Algorithm Rolled Out: August 10, 2009

Algorithm Summary: Overall Gist

On August 10, 2009, Google released Caffeine, one of the most significant improvements in the search engine’s history. The Caffeine Update was so large that Google issued a “Developer Preview” for months. That is because there was so much at risk, Google granted SEO specialists and engineers early access to it so we could report any problems we saw. It was ultimately released on June 8, 2010.

What Was the Google Caffeine Update All About?

Caffeine was a newly developed web indexing technology. Google was able to crawl and store data much more effectively because of this new technology. According to Google, they were able to not only enhance their index but also deliver significantly more recent results.

So, how did this go down?

In their previous indexing approach, pages and content kinds were classified based on perceived freshness needs. Different crawlers were dispatched, some checking for changes and others reindexing modified pages – all dependent on the content’s categorization. If a site was in the fresh category, it was crawled by several bots that promptly added the material to the index, although most sites’ content was reindexed every couple of weeks.

Of course, this creates the possibility that essential and new information may be absent from the index as a result of site classification. Caffeine gave Google the capacity to crawl, collect data, and add it to its index in seconds, resulting in significantly more up-to-date information available across a larger range of sites. Furthermore, it was designed with a knowledge of future expansion and how changing devices and media types might affect the resources required.

Why Did Google Launch Caffeine?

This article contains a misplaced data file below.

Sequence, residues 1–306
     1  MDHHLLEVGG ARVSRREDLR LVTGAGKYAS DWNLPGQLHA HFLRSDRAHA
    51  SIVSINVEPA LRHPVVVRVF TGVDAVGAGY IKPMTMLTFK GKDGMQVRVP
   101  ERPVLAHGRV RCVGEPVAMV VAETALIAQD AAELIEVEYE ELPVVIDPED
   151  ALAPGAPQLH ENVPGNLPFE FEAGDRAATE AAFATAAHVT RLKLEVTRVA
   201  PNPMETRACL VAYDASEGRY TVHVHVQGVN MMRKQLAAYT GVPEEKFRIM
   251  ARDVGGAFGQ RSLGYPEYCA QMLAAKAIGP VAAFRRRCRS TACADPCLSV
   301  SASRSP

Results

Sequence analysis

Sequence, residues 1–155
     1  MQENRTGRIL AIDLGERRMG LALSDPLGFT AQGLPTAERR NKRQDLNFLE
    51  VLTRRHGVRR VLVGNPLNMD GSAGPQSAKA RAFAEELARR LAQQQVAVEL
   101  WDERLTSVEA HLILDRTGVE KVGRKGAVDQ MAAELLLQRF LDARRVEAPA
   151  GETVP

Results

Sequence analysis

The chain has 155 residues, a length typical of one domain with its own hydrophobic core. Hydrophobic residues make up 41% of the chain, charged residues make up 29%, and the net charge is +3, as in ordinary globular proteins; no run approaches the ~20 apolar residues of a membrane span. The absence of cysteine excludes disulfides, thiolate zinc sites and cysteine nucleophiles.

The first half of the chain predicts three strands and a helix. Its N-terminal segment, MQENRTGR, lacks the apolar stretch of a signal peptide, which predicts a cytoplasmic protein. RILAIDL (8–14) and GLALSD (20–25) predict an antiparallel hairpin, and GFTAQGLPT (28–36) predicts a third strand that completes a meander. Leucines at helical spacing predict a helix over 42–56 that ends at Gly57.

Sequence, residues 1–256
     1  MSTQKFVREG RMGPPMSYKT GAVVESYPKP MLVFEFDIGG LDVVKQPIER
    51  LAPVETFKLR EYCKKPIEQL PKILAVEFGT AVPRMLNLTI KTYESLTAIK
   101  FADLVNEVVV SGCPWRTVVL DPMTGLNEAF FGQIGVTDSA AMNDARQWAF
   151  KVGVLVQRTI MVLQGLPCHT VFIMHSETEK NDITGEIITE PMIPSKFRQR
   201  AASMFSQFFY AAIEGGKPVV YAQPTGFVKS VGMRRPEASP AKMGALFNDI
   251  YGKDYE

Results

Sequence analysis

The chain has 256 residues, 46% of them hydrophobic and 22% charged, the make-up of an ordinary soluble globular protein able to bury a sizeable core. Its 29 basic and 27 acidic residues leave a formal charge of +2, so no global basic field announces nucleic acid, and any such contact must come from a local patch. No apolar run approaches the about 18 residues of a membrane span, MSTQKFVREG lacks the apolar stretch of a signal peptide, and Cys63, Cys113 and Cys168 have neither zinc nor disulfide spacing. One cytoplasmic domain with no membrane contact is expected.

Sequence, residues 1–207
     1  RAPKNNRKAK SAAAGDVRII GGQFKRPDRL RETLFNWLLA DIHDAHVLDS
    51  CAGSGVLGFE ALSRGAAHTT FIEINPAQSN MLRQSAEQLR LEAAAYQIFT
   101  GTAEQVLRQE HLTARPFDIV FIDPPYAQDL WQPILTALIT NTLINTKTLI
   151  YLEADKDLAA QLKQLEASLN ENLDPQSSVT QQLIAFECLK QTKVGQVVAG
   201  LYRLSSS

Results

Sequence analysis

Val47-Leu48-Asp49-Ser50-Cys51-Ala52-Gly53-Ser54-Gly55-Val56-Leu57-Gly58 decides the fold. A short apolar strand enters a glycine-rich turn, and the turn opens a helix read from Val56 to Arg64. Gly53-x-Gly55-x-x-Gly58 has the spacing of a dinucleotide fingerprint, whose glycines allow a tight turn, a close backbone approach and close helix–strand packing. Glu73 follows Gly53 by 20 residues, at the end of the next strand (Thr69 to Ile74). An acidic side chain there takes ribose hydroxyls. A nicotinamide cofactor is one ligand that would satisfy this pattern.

Caffeine was neither an algorithm change nor was it an attempt by Google to influence results in any way. Caffeine, on the other hand, was a full rewrite of their indexing system. One only needs to look at the evolving web to realize why this is the case.

The Internet in 1998, when the first Google indexing engine was built, was very different from the Internet in 2009. When the index was first created, there were 2.4 million websites and 188 million individuals on the internet. By 2009, there were 238 million websites and about 1.8 billion users trying to access them, with no end in sight to either.

Add to that the considerable changes in the sorts of material that require indexing, with video usage soaring and photos, maps, and other data being added to the mix. The old index simply wouldn’t do.

Who Were Affected By Caffeine?

In contrast to a usual Google update, there was no detrimental impact on individual sites. Some sites, however, experienced a decline in ranks and/or organic visitors. With a bigger index, Google gained the ability to crawl quicker and offer more recent results. Sites that broke fresh stories first were rewarded.

Whereas in the prior indexing scheme, sites could only benefit from this speed if they were in a new category, now everyone may. This might be interpreted as a blow to those who were previously in the fresh index.

Rumors Regarding Freshness

One thing this update has in common with practically every previous upgrade in Google’s history was that rumors about how to optimize for it spread rapidly.

Because the upgrade was centered on Google’s capacity to index information and content changes quickly, there were several blog posts and articles stating that changing content regularly offered an SEO benefit and that merely adding new content was also a signal.

This update had nothing to do with ranking signal adjustments. If more recent content resulted in higher results, this was due to other algorithms, not Caffeine. It was made feasible by the Caffeine Update, however, the update itself had no effect on the findings.

Influence on Search

While the Caffeine Update had no direct influence on rankings other than enabling quicker indexing of new material, it did lay the groundwork for some major improvements to come.

The pre-Caffeine index couldn’t keep up with the internet’s current 1.3 billion web pages, nor could it handle the wide range of devices, data formats, and query input types that we now take for granted.

Caffeine is to blame if you appreciate voice search, RankBrain, and a wide range of search categories ranging from video to rich and diversified news.

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